Custody Schedule: Daytime Visits Only

The daytime visits only schedule is a residential schedule where the child spends time with the noncustodial parent during the day. The custodial parent has the remaining time, including all overnights.

For example, the child might spend weekdays from 3:30 p.m. to 6:30 p.m. with the noncustodial parent.

This is typically a 90/10 schedule, meaning one parent has 90 percent of the time with the child, with the other parent getting 10 percent. You can make the time split closer to 80/20 by giving the child more frequent or longer visits with the noncustodial parent.

This arrangement may work well as a baby custody schedule. It can also work well when one parent works nights or when a parent has been ordered by the court to have supervised visitation.

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Customizing the daytime visits only schedule

You can modify this schedule so it works better for you. Here are some examples.

Include weekend time

Extend the daytime hours

This works especially well if the noncustodial parent watches the child while the other parent works.

Include only certain days

Adjust if the noncustodial parent only sees the child during select days.

Alternate weeks

Or make changes if the noncustodial parent doesn't see the child every week.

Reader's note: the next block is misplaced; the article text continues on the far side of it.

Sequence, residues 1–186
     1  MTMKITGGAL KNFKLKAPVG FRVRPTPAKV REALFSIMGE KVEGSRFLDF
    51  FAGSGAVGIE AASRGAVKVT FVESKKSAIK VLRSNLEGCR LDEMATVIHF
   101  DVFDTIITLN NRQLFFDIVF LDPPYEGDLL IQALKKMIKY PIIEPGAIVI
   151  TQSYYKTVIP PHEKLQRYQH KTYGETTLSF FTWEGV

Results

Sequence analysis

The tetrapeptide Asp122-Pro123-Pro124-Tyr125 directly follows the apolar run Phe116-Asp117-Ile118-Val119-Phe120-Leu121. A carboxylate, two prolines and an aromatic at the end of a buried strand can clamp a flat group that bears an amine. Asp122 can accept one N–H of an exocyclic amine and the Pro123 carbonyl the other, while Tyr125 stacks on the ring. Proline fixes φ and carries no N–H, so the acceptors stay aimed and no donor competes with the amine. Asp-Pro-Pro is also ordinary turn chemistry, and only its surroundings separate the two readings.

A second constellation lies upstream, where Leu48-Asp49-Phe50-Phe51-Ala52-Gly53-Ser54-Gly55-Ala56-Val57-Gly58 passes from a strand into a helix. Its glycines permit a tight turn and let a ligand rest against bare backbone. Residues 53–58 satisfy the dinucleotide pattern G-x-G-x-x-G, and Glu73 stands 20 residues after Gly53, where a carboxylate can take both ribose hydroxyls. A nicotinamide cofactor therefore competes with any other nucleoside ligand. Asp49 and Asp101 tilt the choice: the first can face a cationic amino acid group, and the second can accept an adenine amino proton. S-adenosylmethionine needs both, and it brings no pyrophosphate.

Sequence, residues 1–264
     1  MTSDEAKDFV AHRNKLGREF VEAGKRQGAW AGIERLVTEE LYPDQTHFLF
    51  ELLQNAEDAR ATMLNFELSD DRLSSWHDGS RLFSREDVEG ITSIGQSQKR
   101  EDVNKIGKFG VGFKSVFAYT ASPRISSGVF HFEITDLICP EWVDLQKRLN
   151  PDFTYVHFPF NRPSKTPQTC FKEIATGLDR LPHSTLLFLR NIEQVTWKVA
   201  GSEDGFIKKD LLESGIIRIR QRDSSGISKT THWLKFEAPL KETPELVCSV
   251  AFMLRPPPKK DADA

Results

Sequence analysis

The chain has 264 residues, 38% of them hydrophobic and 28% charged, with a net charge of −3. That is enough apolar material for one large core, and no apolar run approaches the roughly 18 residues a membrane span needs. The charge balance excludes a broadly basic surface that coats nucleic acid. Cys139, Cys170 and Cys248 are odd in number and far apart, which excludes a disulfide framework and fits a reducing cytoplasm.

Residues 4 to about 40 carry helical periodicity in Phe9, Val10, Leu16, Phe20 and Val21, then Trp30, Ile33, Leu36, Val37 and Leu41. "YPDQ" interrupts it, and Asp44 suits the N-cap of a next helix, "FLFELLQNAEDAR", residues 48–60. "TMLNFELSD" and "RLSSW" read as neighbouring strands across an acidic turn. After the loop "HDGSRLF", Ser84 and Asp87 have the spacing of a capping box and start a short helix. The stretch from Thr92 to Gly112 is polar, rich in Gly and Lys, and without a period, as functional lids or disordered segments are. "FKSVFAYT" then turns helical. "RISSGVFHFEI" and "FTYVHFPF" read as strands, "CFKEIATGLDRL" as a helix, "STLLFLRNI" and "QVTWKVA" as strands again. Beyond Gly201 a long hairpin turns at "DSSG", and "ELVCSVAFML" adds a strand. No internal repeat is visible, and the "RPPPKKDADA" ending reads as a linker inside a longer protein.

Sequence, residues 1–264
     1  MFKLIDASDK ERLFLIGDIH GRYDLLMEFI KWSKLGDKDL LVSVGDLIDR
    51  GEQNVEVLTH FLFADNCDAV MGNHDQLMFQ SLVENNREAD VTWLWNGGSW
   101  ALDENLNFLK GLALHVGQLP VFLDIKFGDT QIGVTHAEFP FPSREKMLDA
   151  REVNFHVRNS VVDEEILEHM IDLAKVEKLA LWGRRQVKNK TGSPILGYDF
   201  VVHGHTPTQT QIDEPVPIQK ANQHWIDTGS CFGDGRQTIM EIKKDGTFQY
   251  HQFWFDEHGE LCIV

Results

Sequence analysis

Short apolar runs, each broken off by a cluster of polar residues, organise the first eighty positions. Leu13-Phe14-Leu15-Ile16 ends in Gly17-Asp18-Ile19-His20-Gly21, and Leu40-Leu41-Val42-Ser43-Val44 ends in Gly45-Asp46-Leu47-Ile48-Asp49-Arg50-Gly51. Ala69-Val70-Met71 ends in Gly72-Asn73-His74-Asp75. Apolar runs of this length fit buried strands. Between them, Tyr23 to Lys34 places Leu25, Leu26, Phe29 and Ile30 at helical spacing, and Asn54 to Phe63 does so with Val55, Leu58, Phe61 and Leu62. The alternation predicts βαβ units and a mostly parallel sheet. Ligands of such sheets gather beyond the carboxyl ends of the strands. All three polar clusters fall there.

Use 3rd-party time

If your child goes to day care or school, mark that as third-party time. This generally increases the noncustodial parent's percentage of time with the child slightly, just by counting differently.

Calculate your time

As you make your schedule, a visitation timeshare calculator can show you the exact amount of time each parent has with the child. This helps you as you customize your schedule so you each parent gets precisely the amount of time intended for them.

Pros and cons of the daytime visits schedule


  • The child doesn't have to adjust to living in two different homes.
  • Parents have great flexibility to adjust the schedule's times and days together.
  • A parent who can't have the child overnight still gets quality time.
  • The noncustodial parent doesn't go extended time without seeing the child.
  • It works well for babies, who need the stability of a primary home (especially if they're breast feeding).


  • The noncustodial parent doesn't get overnights with the child.
  • It may require parents to arrange more exchanges than other schedules.

The easiest way to make a daytime visits schedule

There's a lot to think about when you build a parenting time schedule. You'll want it to address holidays and school breaks, give the right amount of time to each parent and work for years to come.

The Custody X Change app makes it easy. Just follow the steps to make a custody schedule.

On Step 2, select the "all to one parent" button.

On Step 3, select the custodial parent.

Then, you can add daytime visits for the noncustodial parent by clicking in the calendar.

To make a custody schedule quickly and affordably, turn to Custody X Change. You'll get a written schedule and a visual calendar that meet your family's needs, as well as court standards.

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Explore examples of common schedules

Explore common schedules

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Long distance schedules

Third party schedules


Summer break

Parenting provisions


How to make a schedule

Factors to consider

Parenting plans:

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Guides by location:

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